Tulostoma opacum Long
Source: Index Fungorum
Family: Agaricaceae
Tulostoma opacum image
Robert Chapman  
Wright J.E. 1987. Bibliotheca Mycologia 113: 165.

Tulostoma opacum Long. (Fig. 108; Pls. II: 1;L:2) - Mycologia 36: 327-329, fig. 3. 1944.

Etym.: The name probably refers to the obscure ornamentation of the spores, since it has no other features to which this adjective could be applied.

Spore-sac subglobose to somewhat depressed, up to 16 mm diam. Exoperidium thinly membranous, forming a thin cinereous whitish layer inwardly, continuous, on the outside covered by a clayish, dark, chocolate brown or clay-brown, finally caducous layer which persists at the base. Endoperidium finally smooth, almost white, chamois-like, quite tough. Mouth fibrose, of the type of T. fimbriatum, slightly sulcate, somewhat mammose, relatively large for the size of-the spore-sac. Gleba cinnamon ochraceous. Socket conspicuous, hardly at all separated from the stem, membrane unevenly dentate. Stem woody, cortex concolorous with the exoperidium, whitish when decorticated, up to 40 x 5 mm, subequal, ending basally in a small mycelial bulb, decorticating substriately.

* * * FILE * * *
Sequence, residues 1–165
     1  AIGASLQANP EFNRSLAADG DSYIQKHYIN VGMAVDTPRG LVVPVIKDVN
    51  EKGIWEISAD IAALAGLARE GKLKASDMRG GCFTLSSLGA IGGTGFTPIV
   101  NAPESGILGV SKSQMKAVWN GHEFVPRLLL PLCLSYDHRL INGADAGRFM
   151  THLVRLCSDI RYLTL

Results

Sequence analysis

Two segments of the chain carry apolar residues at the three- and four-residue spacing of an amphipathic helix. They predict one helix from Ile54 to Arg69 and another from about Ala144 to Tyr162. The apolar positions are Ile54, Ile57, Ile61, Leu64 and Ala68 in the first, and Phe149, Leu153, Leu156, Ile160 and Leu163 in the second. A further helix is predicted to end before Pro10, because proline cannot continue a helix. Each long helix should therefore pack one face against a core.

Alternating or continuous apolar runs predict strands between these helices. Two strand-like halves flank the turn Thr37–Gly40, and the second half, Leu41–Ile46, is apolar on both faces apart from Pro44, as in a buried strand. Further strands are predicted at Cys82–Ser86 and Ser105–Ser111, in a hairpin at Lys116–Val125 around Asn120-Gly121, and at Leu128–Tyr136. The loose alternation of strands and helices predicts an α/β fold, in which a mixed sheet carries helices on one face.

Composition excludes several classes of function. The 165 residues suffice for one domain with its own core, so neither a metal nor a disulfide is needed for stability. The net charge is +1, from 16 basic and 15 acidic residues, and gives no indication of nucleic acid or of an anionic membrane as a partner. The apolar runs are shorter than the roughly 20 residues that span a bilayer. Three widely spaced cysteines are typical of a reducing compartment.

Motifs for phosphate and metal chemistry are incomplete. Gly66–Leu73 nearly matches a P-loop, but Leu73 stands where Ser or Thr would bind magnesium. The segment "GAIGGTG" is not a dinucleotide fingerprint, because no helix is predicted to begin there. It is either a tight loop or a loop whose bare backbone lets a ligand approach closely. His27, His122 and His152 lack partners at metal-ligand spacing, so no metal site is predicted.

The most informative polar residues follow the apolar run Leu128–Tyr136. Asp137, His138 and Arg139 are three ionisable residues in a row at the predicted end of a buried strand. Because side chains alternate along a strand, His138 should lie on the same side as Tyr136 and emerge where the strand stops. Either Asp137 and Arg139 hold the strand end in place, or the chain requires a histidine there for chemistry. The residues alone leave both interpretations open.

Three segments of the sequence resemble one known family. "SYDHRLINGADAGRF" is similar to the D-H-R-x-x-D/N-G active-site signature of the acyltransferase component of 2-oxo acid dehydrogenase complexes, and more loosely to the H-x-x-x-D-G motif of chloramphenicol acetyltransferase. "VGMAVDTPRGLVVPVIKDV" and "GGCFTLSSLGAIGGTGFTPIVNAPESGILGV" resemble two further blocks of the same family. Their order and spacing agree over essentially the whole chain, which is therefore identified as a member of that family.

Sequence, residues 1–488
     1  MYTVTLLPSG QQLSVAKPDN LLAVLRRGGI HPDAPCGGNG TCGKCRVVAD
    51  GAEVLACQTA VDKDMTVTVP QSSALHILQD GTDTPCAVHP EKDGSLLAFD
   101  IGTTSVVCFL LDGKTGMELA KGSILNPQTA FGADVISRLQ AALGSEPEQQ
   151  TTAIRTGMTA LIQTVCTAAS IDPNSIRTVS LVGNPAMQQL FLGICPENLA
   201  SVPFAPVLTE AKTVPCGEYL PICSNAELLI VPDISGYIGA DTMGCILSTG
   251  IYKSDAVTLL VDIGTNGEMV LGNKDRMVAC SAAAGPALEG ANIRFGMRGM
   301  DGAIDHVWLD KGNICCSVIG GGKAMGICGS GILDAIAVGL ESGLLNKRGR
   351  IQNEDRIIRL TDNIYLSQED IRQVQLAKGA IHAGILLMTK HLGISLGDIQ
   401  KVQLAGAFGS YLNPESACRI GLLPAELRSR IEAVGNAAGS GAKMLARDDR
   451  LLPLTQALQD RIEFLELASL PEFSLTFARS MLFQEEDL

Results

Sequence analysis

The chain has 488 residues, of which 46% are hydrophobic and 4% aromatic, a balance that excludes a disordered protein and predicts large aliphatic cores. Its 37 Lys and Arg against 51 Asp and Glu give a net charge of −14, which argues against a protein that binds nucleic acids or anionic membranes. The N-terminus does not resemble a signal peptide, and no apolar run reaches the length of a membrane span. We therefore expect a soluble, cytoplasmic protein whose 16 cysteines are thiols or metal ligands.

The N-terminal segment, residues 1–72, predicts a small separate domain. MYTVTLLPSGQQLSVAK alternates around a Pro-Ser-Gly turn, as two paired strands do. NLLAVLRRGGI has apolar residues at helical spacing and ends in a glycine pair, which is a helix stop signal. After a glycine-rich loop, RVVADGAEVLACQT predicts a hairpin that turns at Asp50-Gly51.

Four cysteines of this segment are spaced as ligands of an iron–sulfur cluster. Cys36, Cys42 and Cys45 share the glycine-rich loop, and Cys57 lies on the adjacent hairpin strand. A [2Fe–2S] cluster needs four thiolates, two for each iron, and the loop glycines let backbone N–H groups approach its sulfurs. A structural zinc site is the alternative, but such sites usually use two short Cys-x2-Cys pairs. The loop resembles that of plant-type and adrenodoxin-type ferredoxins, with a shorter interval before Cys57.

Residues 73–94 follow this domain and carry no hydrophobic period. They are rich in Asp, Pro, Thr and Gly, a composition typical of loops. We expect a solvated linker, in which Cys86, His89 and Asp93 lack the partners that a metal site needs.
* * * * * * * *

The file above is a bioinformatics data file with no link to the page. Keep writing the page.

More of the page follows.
Endoperidium formed by threads with numerous swollen septa, mostly of slender hyphae, 1.3-3.5 µm diam, branched. Spores globose, some apiculate, brown, strongly reticulate, forming a net that under L.M. appears to have spiny nodes or digitiform elements measuring 1.5-3.5 µm long, sheathed in a hyaline halo; 5.7-7.2 x 5.2-6.1 µm without the ornamentation and 7.9-11 x 7.2-9.4 µm with it; sometimes the reticulum appears incrusted with a crystalline substance. Under SEM the ornamentation appears distinctly alveolate, with unequal meshes and thick-walls, the sporal body minutely verrucose, the "halo" apparently being produced by an optic effect of the alveolar walls. Capillitium scantily branched, hyaline, moderately septate, formed by thick-walled threads, 2.5-7.1 µm diam, with walls up to 1.5 µm thick, slightly swollen at the septa (up to 8.6 um); lumen scant or solid.

Habitat: sandy soil in semiarid regions with "chaparral" vegetation. Distribution: North America: United States and Mexico.

Holotype: United States: New Mexico, Dona Ana Co., Jornada Exper. Range, 28 mi W of Las Cruces, leg. W. H. Long 8286, 12.XI.1938 (BPI!). Illustration: Long (op.cit.)

Tulostoma opacum image
William H. Long  
Tulostoma opacum image
Scott T. Bates  
Tulostoma opacum image
The New York Botanical Garden